Simchat Torah - True Joy of the Relationship

By Rabbi Avremel Matusof

Integral to all the festivals on the Jewish calendar – Passover, Shavuot, and Sukkot – is the mitzvah to rejoice. "Rejoice on your festivals!" the Torah enjoins us. Of all the festivals, however, only Sukkot is described as "the season of our rejoicing," because the joy of Sukkot eclipses the joy of the other festivals. And then there's the utterly unbridled joy of Shemini Atzeret and Simchat Torah (This year celebrated Oct. 9 - 11), which surpasses even the joy of Sukkot.

Let's talk about this joy. Let's start with an analogy. Three men were discussing the joys of wedded life.

"I love my wife," said Yosef. "That's why I do everything asked of me. When told, 'Yosef, please take out the garbage,' right away, I take out the garbage."

All agree that Yosef loves his wife.

Not to be outdone, Dovid said: "I also do everything my wife asks me to do. In fact, she doesn't even have to spell out what she wants. It's enough that she says, 'Whew! That garbage bag is sure smelling up the kitchen!' for me to understand that she wants me to take out the garbage. Which I do, of course."

All agreed that Dovid loves his spouse even more.

But in the end it turned out that Moshe's marriage was the most loving of all. Moshe's wife doesn't have to ask her husband to do things for her. She doesn't even have to drop hints. Moshe explained, "I just know that she wants me to take out the garbage, I just know what she wants me to do for her, and I do it." The Holiday month of Tishrei is replete with mitzvot—full of opportunities for carrying out G‑d's will. For more than three weeks, our days are filled with praying, repenting, fasting, feasting, dancing, building a sukkah, acquiring a set of Four Kinds, and dozens of other mitzvot, customs and observances.

The observances of Tishrei fall under three general categories. There are biblical precepts that are explicitly commanded in the Torah, such as sounding the shofar on Rosh HaShanah, fasting on Yom Kippur or eating in the sukkah on Sukkot. There are also a number of rabbinical mitzvot—observances instituted by the prophets and the sages by the authority vested in them by the Torah. For example, the five prayer services held on Yom Kippur and the taking of the Four Kinds on all but the first day of Sukkot are rabbinical institutions.

Finally, the month of Tishrei has many minhagim or customs—such as eating an apple dipped in honey on the first night of Rosh HaShanah. The minhagim are not mandated by biblical or rabbinical law, but by force of custom: these are things that we Jews have initiated ourselves as ways to enhance our service of our Creator.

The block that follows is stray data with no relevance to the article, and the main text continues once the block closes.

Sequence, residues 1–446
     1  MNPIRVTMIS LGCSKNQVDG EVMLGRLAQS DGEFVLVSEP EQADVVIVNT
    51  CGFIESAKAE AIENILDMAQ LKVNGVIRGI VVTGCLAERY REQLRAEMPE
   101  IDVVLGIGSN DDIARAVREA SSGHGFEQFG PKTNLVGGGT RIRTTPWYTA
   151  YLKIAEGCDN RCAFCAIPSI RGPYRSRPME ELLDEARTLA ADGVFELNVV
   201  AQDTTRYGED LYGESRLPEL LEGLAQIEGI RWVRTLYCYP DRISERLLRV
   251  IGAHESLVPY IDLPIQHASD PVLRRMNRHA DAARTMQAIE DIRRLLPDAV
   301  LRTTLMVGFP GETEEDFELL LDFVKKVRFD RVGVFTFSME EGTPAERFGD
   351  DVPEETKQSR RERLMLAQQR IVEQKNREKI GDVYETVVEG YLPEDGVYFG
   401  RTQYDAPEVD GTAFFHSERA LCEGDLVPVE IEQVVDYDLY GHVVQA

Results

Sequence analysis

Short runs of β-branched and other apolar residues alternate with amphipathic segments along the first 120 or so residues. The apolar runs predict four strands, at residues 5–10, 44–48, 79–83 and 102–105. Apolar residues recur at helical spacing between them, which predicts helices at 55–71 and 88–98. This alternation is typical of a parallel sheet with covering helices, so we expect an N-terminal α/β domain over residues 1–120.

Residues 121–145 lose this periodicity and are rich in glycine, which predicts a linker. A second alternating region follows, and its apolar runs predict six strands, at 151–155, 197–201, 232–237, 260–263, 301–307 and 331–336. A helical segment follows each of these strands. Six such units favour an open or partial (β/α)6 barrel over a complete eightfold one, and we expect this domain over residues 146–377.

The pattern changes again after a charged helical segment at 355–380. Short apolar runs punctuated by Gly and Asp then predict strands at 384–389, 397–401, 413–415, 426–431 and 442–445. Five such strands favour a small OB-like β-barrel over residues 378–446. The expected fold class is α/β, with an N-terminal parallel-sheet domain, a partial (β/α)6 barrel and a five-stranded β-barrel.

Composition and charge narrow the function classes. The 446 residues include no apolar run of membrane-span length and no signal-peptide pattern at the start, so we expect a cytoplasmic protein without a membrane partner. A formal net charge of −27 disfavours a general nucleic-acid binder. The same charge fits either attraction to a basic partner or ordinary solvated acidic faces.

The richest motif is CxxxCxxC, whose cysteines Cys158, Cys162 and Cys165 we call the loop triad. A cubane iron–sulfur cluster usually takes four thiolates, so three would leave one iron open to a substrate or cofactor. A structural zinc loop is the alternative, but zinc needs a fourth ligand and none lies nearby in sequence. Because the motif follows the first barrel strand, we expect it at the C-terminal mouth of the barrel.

Most amazingly, the climax of the month of Tishrei—the point at which our celebration of our bond with G‑d attains the very pinnacle of joy—is during the hakafot of Simchat Torah, when we take the Torah scrolls in our arms and dance with them around the reading table in the synagogue—a practice that is neither a biblical nor a rabbinical precept, but merely a custom.

For it is with our observance of the minhagim (customs) that we express the depth of our love for G‑d. The biblical commandments might be compared to the explicitly expressed desires between two people bound in marriage. The rabbinical mitzvot, on which G‑d did not directly instruct us but which nevertheless constitute expressions of the divine will, resemble the implied requests between spouses.

But the minhagim (customs) represent those areas in which we intuitively sense how we might cause G‑d pleasure. We wear our Yarmulkas/Kippas proudly, make the Hamotzi on two loaves of Challah on Friday night, and fill our shelves with Torah books, and in these lie our greatest joy.

May we all realize our intense bond with G-d to its fullest potential, in recognizing our integral part of the master plan, and we should all be blessed with all good things spiritually and materially, and most importantly with the coming of Moshiach, may it be now.

Rabbi Avremel Matusof is a Madison native. He received his rabbinic ordination at the Rabbinic Talmudic College in NYC. Rabbi Avremel has traveled extensively to bring hope and direction to smaller communities, including: Namibia, Ghana, China, Dominica, and Kauai, Hawaii. He moved back to the area with his wife, Chaya Mushka in the summer of 2011 as Director of the Young Jewish Professionals program (a Chabad of Madison affiliate), serving the growing professional population of the area.

Disclaimer: The From Our Rabbis feature seeks to provide a platform representing the diversity of our community clergy. The views, information, or opinions expressed in the From Our Rabbis articles are those of the authors and do not necessarily represent those of the Jewish Federation of Madison.